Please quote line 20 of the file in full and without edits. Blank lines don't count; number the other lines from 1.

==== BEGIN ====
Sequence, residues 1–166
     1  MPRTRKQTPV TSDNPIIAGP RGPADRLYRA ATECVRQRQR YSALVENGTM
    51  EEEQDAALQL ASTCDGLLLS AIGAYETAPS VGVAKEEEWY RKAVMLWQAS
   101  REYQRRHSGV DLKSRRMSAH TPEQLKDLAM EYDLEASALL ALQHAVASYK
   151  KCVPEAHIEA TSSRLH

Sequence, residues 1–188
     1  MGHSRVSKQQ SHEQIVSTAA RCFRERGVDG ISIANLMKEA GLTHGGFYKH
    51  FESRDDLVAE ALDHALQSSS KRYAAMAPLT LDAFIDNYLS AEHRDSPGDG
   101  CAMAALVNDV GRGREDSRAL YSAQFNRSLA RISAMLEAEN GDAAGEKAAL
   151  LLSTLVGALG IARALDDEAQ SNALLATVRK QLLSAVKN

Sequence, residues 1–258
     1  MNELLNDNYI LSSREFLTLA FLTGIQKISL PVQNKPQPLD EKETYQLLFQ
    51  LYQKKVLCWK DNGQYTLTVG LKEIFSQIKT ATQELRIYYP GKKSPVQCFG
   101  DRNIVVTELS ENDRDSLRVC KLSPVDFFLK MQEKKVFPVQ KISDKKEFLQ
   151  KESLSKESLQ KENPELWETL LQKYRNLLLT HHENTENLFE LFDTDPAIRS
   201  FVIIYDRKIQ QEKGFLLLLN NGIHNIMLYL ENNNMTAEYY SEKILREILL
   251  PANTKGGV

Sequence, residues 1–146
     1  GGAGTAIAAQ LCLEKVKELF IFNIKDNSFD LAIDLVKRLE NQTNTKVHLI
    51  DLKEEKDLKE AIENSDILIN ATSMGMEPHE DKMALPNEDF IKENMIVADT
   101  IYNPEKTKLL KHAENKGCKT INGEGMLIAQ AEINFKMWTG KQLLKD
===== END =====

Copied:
    51  DLKEEKDLKE AIENSDILIN ATSMGMEPHE DKMALPNEDF IKENMIVADT